Foreign ministers and representatives from across Southeast Asia have begun talks in Burma, also known as Myanmar, in the first high-level ASEAN meeting held in the country since the former pariah state joined the grouping in 1997.
In his opening remarks in the ancient city of Pagan, Burmese Foreign Minister Wunna Maung Lwin stressed the importance of strengthening relations with its strategic partners, China and India, in order to achieve a planned ASEAN economic community by 2015.
Burmese presidential spokesman Ye Htut told reporters Thursday that Burma's policy of mutual understanding with China is a strength in solving regional problems, including the territorial disputes in the South China Sea.
The ASEAN nations of Vietnam, the Philippines, Brunei and Malaysia are each involved in territorial disputes with China in the South China Sea.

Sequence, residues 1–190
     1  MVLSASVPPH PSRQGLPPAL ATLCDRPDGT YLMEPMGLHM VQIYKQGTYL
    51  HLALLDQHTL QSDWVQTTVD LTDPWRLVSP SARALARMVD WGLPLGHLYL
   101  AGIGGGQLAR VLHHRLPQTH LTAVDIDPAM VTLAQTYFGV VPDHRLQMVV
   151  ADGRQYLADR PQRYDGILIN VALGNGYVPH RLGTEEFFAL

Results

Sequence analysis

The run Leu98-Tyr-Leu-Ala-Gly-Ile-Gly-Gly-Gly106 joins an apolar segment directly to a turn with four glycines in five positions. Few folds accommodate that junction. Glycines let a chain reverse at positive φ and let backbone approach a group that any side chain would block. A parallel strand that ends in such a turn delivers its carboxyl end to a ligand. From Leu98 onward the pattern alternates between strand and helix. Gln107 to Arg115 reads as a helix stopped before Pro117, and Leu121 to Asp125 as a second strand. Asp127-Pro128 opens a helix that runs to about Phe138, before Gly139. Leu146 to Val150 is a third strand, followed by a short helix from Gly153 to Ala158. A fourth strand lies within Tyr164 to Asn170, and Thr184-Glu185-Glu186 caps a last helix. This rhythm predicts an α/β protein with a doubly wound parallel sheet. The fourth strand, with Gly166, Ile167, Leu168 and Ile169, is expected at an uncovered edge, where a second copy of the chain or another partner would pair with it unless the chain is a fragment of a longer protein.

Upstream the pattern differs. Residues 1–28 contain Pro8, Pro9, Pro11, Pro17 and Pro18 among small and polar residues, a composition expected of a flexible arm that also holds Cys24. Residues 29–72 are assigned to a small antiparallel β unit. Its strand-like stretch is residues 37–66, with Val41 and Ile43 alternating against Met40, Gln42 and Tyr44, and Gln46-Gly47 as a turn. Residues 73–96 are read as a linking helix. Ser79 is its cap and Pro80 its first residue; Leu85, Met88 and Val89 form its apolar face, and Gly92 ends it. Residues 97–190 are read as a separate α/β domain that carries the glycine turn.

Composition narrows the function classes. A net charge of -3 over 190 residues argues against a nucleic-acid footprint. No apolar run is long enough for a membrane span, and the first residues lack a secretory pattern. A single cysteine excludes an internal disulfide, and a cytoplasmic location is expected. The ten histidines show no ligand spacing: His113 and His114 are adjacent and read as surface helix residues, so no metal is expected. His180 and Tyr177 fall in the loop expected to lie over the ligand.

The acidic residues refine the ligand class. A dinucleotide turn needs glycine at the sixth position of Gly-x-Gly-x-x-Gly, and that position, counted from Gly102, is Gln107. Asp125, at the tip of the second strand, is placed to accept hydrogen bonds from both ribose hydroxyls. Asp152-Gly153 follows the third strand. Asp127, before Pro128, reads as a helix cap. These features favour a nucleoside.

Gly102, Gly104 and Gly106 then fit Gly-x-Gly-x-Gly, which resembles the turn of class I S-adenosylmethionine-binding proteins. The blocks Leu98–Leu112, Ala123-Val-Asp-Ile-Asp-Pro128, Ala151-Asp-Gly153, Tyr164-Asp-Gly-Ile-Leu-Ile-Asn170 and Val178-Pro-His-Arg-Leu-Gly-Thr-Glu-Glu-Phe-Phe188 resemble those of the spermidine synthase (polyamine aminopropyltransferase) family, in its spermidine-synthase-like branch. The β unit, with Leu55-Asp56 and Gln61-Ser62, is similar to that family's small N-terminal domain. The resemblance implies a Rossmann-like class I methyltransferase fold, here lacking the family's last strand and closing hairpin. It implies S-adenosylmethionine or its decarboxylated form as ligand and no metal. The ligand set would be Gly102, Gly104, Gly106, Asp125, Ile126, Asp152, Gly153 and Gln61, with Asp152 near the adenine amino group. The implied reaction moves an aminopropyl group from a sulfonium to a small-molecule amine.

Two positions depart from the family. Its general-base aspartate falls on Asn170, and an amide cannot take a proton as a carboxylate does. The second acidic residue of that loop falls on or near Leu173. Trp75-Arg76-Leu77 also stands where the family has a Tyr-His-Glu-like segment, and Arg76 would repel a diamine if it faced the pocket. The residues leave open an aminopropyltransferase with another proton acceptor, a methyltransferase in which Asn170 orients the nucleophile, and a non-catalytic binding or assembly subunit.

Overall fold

Burmese Foreign Minister Wunna Maung Lwin told reporters Thursday that his country will also act fairly towards the United States, which has said it does not take a position on the sovereignty disputes, but has consistently criticized Chinese moves it calls aggressive.
Burma's role chairing ASEAN follows political reforms that have led to the lifting of most international sanctions.
Thein Sein's government has won praise for freeing hundreds of political prisoners, lifting censorship laws and holding elections in which many opposition members won seats in parliament.
However, critics say that the country has still not done enough, pointing to continuing sectarian violence against Muslims and the country's remaining political prisoners.
Burma, which joined ASEAN in 1997, was passed over for the chairmanship in 2006.